The voice on the phone was emphatic. No seats available to the new production of "Show Boat" unless you'll take row X on the side. $75 each, please.I decided to pass up the New York revival of the fabled musical. "Show Boat" is selling out once again, delighting audiences one more time with its panoramic story of life on the Mississippi ages ago.Except, of course, the real show boat, the one that called at Baltimore and other Maryland and Virginia towns, lived most of its life on Chesapeake Bay and the Choptank, Chester, Nanticoke, Elk, Susquehanna, Potomac, York, Rappahannock and James rivers.
FEATURES
By Michael Kuchwara and Michael Kuchwara,AP Drama Critic | October 5, 1994
There's plenty of life left in the granddaddy of the modern American musical.Nearly a year after its Toronto premiere, director Harold Prince's rethought, reworked version of "Show Boat" sailed triumphantly Sunday into Broadway's Gershwin Theater.What Prince, director of such musicals as "Company," "Follies," "The Phantom of the Opera" and "Kiss of the Spider Woman," has accomplished with the Jerome Kern-Oscar Hammerstein II classic is not just a restoration or a revival but a new look at an old friend.
NEWS
By Mary Johnson and Mary Johnson,Special to The Sun | February 16, 2007
The debut of Show Boat in 1927 changed the American musical by dealing with serious subjects such as racial tensions - including miscegenation laws and the fallout after a husband abandons his family. Show Boat was also groundbreaking as the first American musical with plot-advancing songs - in this case, telling the stories of star-crossed couples against a backdrop of American history spanning the first four decades of the 20th century. Composed by Jerome Kern with lyrics by Oscar Hammerstein, the music includes near-operatic arias, including "You Are Love," the compelling "Ol' Man River" anthem and the seductive "Can't Help Loving That Man," along with melodic love songs and catchy up-tempo tunes.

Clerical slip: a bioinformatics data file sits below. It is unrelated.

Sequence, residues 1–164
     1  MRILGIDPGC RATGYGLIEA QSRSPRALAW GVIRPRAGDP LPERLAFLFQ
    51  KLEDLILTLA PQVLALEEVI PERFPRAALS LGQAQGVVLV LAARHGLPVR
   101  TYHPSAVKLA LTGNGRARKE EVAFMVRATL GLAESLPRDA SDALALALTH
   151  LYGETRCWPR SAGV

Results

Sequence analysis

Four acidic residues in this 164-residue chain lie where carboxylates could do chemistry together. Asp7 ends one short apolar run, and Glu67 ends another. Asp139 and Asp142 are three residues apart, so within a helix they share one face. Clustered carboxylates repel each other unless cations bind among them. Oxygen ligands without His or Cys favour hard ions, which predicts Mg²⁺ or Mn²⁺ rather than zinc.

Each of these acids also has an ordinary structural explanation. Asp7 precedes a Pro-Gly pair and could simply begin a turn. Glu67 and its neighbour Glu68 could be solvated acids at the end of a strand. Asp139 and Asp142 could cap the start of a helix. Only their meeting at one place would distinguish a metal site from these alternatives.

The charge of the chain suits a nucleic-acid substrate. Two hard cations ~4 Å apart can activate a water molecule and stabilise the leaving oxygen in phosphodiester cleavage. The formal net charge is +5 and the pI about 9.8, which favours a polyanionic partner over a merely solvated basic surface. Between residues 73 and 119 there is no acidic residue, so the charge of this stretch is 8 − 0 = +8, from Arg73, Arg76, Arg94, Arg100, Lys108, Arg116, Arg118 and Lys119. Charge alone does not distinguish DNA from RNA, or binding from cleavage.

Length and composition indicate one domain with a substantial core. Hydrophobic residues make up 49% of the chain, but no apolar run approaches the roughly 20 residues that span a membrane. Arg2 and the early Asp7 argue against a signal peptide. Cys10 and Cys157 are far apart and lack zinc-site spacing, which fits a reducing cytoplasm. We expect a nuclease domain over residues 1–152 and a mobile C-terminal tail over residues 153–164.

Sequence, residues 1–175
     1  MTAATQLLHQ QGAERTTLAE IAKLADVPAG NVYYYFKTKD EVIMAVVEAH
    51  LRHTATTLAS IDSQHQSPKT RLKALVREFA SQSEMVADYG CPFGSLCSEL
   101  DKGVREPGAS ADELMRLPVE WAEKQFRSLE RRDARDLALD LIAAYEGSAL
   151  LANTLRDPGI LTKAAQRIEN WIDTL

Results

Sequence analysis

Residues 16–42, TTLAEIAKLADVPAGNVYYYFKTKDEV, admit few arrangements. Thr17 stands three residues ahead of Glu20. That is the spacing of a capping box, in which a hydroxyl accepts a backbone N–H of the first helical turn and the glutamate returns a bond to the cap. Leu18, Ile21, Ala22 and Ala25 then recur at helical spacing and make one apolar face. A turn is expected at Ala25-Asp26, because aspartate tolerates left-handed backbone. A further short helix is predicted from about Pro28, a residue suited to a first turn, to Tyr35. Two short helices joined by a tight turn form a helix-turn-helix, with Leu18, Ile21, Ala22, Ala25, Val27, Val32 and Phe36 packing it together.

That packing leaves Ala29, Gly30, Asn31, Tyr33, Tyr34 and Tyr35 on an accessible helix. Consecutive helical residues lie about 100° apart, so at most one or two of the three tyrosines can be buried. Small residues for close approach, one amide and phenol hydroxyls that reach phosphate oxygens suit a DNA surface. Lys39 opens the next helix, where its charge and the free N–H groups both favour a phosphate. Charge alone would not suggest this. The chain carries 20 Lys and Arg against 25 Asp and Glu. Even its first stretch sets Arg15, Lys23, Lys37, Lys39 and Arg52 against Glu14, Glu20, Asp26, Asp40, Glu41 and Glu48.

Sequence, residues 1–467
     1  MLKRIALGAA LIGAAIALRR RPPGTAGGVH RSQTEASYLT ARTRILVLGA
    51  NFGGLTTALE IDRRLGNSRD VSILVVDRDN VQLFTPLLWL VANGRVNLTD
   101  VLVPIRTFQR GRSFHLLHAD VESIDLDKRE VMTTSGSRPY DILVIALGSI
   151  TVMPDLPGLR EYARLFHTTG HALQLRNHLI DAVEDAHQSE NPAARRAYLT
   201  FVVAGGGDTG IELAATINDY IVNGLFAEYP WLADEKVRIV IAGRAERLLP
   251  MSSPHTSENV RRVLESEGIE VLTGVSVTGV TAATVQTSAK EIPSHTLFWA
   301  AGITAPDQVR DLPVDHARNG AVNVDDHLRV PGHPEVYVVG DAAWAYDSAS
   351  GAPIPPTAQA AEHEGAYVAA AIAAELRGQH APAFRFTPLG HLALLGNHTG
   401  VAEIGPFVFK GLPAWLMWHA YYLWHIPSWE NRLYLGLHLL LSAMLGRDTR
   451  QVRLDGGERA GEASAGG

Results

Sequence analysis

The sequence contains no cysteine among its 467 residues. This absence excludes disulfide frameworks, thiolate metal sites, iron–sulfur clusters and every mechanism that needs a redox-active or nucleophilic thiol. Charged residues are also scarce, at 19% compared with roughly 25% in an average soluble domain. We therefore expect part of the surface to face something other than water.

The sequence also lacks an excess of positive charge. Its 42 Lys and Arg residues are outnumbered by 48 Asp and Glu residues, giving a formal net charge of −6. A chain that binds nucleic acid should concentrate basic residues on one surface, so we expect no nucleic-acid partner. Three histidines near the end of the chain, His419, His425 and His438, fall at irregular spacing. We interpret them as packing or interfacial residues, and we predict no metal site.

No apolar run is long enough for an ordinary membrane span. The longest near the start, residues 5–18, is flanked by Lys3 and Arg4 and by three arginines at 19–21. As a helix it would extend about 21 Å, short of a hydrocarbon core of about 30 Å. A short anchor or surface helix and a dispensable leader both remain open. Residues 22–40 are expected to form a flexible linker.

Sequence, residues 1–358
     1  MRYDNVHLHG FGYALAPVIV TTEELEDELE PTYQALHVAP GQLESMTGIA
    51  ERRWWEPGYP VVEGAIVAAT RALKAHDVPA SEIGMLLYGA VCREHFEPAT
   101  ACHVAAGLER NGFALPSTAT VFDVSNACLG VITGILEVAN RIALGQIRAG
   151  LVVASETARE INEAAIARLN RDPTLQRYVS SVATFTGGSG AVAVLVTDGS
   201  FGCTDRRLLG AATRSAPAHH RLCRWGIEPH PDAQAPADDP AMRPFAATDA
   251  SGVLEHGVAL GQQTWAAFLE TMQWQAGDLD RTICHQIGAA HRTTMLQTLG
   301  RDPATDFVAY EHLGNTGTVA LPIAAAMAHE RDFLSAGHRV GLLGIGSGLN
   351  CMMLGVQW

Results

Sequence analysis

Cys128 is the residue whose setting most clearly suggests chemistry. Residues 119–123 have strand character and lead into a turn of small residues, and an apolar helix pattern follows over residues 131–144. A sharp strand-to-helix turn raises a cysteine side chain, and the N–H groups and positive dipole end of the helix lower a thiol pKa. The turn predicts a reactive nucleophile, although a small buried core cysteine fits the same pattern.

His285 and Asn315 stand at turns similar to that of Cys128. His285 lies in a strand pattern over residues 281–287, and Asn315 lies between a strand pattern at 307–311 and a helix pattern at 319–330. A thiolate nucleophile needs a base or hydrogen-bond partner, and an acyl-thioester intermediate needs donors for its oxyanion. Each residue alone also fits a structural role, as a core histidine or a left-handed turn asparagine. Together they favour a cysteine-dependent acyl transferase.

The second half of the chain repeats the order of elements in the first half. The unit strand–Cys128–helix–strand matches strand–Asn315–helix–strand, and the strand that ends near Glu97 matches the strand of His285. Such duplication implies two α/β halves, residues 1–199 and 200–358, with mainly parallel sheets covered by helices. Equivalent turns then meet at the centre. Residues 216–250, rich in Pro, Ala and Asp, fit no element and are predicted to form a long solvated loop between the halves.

NEWS
By Mary Johnson and Mary Johnson,SPECIAL TO THE SUN | October 18, 2001
For those of you trolling for a classic, the Cotton Blossom will remain docked at the Chesapeake Music Hall in Annapolis, as Show Boat plays there through Nov. 18. The Cotton Blossom is the boat in this landmark musical with a score by Jerome Kern and lyrics by Oscar Hammerstein II. The musical, which debuted in 1927, forever changed the concept of the American musical theater. Show Boat was the first musical play. It offers a strong story and well-drawn characters, using the musical score to advance the plot.
FEATURES
By J. Wynn Rousuck and J. Wynn Rousuck,SUN THEATER CRITIC | December 2, 1998
A new, pre-Broadway national tour of "Evita" will replace the previously announced production of "Show Boat" at the Mechanic Theatre next month. "Show Boat" ran into troubled waters when its producer, Livent Inc., filed for bankruptcy protection two weeks ago. The "Show Boat" tour was canceled yesterday, and the Mechanic moved swiftly to replace it."Although we are very sorry and disappointed that 'Show Boat' ran into difficulties on its United States tour, we are very excited about the opportunity to have this all-new production of 'Evita,' " said Michael J. Brand, executive director of Jujamcyn Productions, which books and manages the Mechanic.